We have arrived at the last piece of the dishwasher puzzle; how does it dry our dishes? – and all those other questions that follow.
How do my dishes get dry in the box?
Depending on the year, make, model and manufacturer there are several different technologies or methods that are used.
I imagine the dishes having a steam and sauna therapy session all at once with this method. The stainless-steel walls attract the heat which pulls out the water, only after the water is a bit hotter on the final rinse cycle.
The element on the bottom heats the air to dry the dishes for about 30 minutes – and this method is common in older units.
If you want the best results in the drying department this is the preset to choose. How this setting differs from heat dry is difficult to pinpoint from any written documentation. With common-sense deduction, the difference has to be temperature.
There are actual machines that will push the door open when it is time to dry to let them air dry. All that warm air in your kitchen at once, like a stove fireplace. Maybe not so awesome for hot environments, like Arizona (on second thought, my husband’s cousin reminded us that they live inside in air-conditioning at least half the year, so maybe it doesn’t matter so much about DW heat in the kitchen). This is on my list for my dream dishwasher. To disengage the heated dry option, I pushed the dry button until no blue lights came on, a manual version to the fancy one.
Since this is not an option on my wash box, I assumed it was the old fashioned way of drying. Air dry is a preset button on certain models and brands that does not use heat to dry the dishes. Per myrecipes article on the subject:
The air-dry cycle, however, uses pumps to push room-temperature air through the machine to encourage even drying. Unlike the heated drying cycle, you’ll likely find some moisture and pools of water in the upside-down bottoms of bowls or cups when the dishwashing and air-dry cycle is complete.
A better name for this process, in my opinion, would be the hair dryer method but that would be misleading, there is no heat used, just air circulating with a fan.
This method is unique to brand name Bosch; and they have been using this method since 2008. Zeolite is a mineral that naturally absorbs moisture and heats which is in a small container in DW’s cavity.
Bosch has recently come out with the trademark of crystal dry which uses zeolites that raise the hot air temperature to 176 degrees, to take water droplets off your dishes. Designer Appliance has a blog where they explain the different drying methods in Bosch dishwashers. Watch the video on this page to visually comprehend the differences. I had fun geeking out on the different technological features between the different units in the Bosch line. Dishwashers have come a long way since the 1893 World’s Fair where they debuted.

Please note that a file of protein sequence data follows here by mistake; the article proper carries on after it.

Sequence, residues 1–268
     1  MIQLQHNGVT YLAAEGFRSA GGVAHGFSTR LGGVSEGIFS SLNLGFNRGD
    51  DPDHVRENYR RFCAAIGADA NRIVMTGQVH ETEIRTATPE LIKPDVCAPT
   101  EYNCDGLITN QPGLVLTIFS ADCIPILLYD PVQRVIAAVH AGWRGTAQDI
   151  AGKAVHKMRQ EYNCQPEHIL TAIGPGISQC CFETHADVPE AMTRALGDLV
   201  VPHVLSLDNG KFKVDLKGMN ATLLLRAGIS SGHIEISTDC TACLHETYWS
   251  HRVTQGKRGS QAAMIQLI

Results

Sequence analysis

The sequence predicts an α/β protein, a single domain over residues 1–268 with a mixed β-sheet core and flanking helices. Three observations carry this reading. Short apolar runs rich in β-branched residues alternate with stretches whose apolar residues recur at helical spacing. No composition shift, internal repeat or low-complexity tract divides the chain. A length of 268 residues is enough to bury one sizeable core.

If your machine is not giving you a peak dry performance many experts highly recommend using a rinse aid.
What is a rinse aid?
A rinse aid is an agent that creates a barrier between the dishes and water, so water droplets fall off instead of leaving spots or a film. If you have hard water, a rinse aid is necessary to increase drying and decrease water spots on your glassware. The container next to the detergent door was made for rinse aids. In some detergent pods, the multi-colored ones, a rinse aid is included. Like we used vinegar for cleaning the dishwasher, one can use the exact same method with dishes in the cavity to act as a rinse aid.
Why are my plastics wet after a dry cycle?
The folks at Consumer Reports explain it succinctly:
Plastic is more difficult to dry than glass and ceramic because it doesn’t retain heat that would otherwise contribute to the drying process. Water that remains on plastic doesn’t evaporate as easily. That’s where a dishwasher’s heat setting comes into play.
When it comes to drying there are many ways to get to the same result. Unlike washing where it is more environmentally sound to use the dishwasher than washing by hand, it seems that air drying is the way to go. Heated dry method not only uses more energy, it is hard on both the machine and your dishes. I guess it is called a dishwasher for a reason and not a dishdryer. Would love to experience the Bosch drying methods more. These are things to consider if you are in the market for a new machine.
Next up: the dishwasher series wrap up